• Structural safety and reliability
  • Probabilistic mechanics
  • Sustainable/green infrastructure
  • Geomechanics
  • Fluid mechanics
  • Autonomous transportation
  • Disasters and natural hazards

Civil Engineering

By selecting technical electives, students may focus on one of several areas of concentration or prepare for future endeavors such as architecture.

  • Construction Engineering and Management: capital facility planning and financing, strategic management, managing engineering and construction processes, construction industry law, construction techniques, managing civil infrastructure systems, civil engineering and construction entrepreneurship
  • Environmental Engineering and Water Resources: transport of water-borne substances, hydrology, sediment transport, hydrogeology, and geoenvironmental design of containment systems
  • Geotechnical Engineering: soil mechanics, foundation engineering, earth-retaining structures, slopes, and geotechnical earthquake engineering
  • Forensic (Structural) Engineering: investigation and determination of the causes of structural failures of buildings, bridges, and other constructed facilities
  • Structural Engineering: applications to steel and concrete buildings, bridges, and other structures

Engineering Mechanics

Programs in engineering mechanics offer comprehensive training in the principles of applied mathematics and continuum mechanics and in the application of these principles to the solution of engineering problems. The emphasis is on basic principles, enabling students to choose from among a wide range of technical areas. Students may work on problems in such disciplines as systems analysis, acoustics, and stress analysis, and in fields as diverse as transportation, environmental, structural, nuclear, and aerospace engineering. Program areas include:

  • Continuum mechanics: solid and fluid mechanics, theories of elastic and inelastic behavior, and damage mechanics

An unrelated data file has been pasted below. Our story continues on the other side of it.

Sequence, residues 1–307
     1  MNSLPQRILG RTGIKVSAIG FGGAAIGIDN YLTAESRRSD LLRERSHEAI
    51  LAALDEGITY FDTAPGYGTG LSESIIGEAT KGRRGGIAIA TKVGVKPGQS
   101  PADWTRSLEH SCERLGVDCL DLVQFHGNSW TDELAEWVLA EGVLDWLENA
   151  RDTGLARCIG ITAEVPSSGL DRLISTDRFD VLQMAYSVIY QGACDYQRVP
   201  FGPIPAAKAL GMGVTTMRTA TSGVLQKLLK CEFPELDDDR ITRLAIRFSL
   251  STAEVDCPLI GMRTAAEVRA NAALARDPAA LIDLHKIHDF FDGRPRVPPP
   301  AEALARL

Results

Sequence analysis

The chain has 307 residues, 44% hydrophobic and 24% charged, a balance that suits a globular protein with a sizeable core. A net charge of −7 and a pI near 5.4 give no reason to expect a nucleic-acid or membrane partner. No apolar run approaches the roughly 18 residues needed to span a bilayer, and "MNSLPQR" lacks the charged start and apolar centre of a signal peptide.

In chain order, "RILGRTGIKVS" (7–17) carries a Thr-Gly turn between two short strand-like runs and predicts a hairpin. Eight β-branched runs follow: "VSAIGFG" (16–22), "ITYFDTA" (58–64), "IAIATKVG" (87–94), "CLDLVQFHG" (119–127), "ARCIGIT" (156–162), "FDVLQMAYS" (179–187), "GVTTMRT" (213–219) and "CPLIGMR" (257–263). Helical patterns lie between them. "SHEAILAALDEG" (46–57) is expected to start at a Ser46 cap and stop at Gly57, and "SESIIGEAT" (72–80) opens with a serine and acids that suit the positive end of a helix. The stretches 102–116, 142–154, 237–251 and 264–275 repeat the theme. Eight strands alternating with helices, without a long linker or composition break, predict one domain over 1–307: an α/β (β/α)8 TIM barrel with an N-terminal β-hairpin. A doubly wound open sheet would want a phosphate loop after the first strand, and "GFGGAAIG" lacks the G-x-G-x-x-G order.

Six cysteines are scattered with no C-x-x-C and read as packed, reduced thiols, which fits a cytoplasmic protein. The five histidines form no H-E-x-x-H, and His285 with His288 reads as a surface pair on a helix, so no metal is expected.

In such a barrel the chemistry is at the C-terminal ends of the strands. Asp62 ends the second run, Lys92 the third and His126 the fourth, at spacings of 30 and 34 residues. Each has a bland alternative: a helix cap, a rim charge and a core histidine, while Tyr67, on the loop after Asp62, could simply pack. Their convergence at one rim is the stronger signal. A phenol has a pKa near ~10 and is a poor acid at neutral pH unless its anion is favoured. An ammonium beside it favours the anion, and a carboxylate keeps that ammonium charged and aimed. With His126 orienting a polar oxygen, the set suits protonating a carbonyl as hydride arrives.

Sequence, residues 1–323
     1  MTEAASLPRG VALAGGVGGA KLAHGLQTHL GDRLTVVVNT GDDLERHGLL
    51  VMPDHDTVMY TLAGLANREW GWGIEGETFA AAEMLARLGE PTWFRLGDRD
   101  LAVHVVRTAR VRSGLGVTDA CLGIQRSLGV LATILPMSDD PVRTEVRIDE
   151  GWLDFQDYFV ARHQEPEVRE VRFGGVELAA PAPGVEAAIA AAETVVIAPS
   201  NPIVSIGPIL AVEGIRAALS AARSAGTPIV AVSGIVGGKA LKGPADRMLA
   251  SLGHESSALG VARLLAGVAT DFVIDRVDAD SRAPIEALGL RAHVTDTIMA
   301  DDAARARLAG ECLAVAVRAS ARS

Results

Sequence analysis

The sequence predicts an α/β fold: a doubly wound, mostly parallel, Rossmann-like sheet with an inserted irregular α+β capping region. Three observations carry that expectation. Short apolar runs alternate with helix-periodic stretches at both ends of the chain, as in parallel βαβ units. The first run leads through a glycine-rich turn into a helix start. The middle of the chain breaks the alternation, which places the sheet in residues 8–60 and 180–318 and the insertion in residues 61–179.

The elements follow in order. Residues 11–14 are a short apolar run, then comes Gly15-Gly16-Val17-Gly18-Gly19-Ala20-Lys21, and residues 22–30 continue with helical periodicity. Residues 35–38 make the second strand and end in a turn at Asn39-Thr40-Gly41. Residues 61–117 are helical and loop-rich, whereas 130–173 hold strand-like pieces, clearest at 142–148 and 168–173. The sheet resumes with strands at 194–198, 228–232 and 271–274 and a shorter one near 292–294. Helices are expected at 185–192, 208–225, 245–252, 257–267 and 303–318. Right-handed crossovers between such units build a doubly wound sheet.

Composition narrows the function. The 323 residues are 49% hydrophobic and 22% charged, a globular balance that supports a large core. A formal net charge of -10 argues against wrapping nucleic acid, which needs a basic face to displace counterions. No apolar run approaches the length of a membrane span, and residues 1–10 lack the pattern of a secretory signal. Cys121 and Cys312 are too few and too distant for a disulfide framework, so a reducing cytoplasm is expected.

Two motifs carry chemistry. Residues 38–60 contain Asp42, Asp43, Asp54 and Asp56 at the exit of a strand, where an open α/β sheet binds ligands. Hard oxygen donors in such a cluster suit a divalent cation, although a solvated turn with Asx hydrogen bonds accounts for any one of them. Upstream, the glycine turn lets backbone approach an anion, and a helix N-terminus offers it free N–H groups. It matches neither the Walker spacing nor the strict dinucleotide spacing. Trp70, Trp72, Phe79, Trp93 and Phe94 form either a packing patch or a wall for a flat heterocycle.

• Vibrations: nonlinear and random vibrations; dynamics of continuous media, of structures and rigid bodies, and of combined systems, such as fluid-structure interaction; active, passive, and hybrid control systems for structures under seismic loading; dynamic soil-structure interaction effects on the seismic response of structures
  • Random processes and reliability: problems in design against failure under earthquake, wind, and wave loadings; noise, and turbulent flows; analysis of structures with random properties
  • Fluid mechanics: turbulent flows, two-phase flows, fluid-structure interaction, fluid-soil interaction, flow in porous media, computational methods for flow and transport processes, and flow and transport in fractured rock under mechanical loading
  • Computational mechanics: finite element and boundary element techniques, symbolic computation, and bioengineering applications.

A flight structures program is designed to meet the needs of industry in the fields of high-speed and space flight. The emphasis is on mechanics, mathematics, fluid dynamics, flight structures, and control. The program is a part of the Guggenheim Institute of Flight Structures in the department. Specific information regarding degree requirements is available in the department office.